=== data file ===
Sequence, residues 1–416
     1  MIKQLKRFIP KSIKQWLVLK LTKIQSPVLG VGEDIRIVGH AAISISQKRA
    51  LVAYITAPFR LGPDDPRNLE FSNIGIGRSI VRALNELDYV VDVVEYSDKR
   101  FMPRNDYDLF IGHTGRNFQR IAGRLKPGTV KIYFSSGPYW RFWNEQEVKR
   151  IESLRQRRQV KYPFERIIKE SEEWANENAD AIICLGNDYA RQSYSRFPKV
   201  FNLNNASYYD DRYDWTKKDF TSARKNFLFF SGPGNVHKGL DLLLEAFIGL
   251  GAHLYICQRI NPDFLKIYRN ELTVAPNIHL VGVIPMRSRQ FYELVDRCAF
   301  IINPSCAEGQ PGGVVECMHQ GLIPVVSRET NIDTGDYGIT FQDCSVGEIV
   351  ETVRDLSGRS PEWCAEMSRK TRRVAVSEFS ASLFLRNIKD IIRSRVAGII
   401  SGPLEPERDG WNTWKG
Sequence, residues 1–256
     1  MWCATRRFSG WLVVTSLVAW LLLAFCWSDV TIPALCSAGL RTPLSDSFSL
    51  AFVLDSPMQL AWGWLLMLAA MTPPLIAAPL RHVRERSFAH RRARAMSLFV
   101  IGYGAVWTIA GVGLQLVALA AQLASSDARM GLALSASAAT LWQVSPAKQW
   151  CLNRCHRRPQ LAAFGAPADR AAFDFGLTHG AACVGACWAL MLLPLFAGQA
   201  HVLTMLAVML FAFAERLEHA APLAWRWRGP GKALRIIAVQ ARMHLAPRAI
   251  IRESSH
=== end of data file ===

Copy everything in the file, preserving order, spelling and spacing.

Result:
Sequence, residues 1–416
     1  MIKQLKRFIP KSIKQWLVLK LTKIQSPVLG VGEDIRIVGH AAISISQKRA
    51  LVAYITAPFR LGPDDPRNLE FSNIGIGRSI VRALNELDYV VDVVEYSDKR
   101  FMPRNDYDLF IGHTGRNFQR IAGRLKPGTV KIYFSSGPYW RFWNEQEVKR
   151  IESLRQRRQV KYPFERIIKE SEEWANENAD AIICLGNDYA RQSYSRFPKV
   201  FNLNNASYYD DRYDWTKKDF TSARKNFLFF SGPGNVHKGL DLLLEAFIGL
   251  GAHLYICQRI NPDFLKIYRN ELTVAPNIHL VGVIPMRSRQ FYELVDRCAF
   301  IINPSCAEGQ PGGVVECMHQ GLIPVVSRET NIDTGDYGIT FQDCSVGEIV
   351  ETVRDLSGRS PEWCAEMSRK TRRVAVSEFS ASLFLRNIKD IIRSRVAGII
   401  SGPLEPERDG WNTWKG
Sequence, residues 1–256
     1  MWCATRRFSG WLVVTSLVAW LLLAFCWSDV TIPALCSAGL RTPLSDSFSL
    51  AFVLDSPMQL AWGWLLMLAA MTPPLIAAPL RHVRERSFAH RRARAMSLFV
   101  IGYGAVWTIA GVGLQLVALA AQLASSDARM GLALSASAAT LWQVSPAKQW
   151  CLNRCHRRPQ LAAFGAPADR AAFDFGLTHG AACVGACWAL MLLPLFAGQA
   201  HVLTMLAVML FAFAERLEHA APLAWRWRGP GKALRIIAVQ ARMHLAPRAI
   251  IRESSH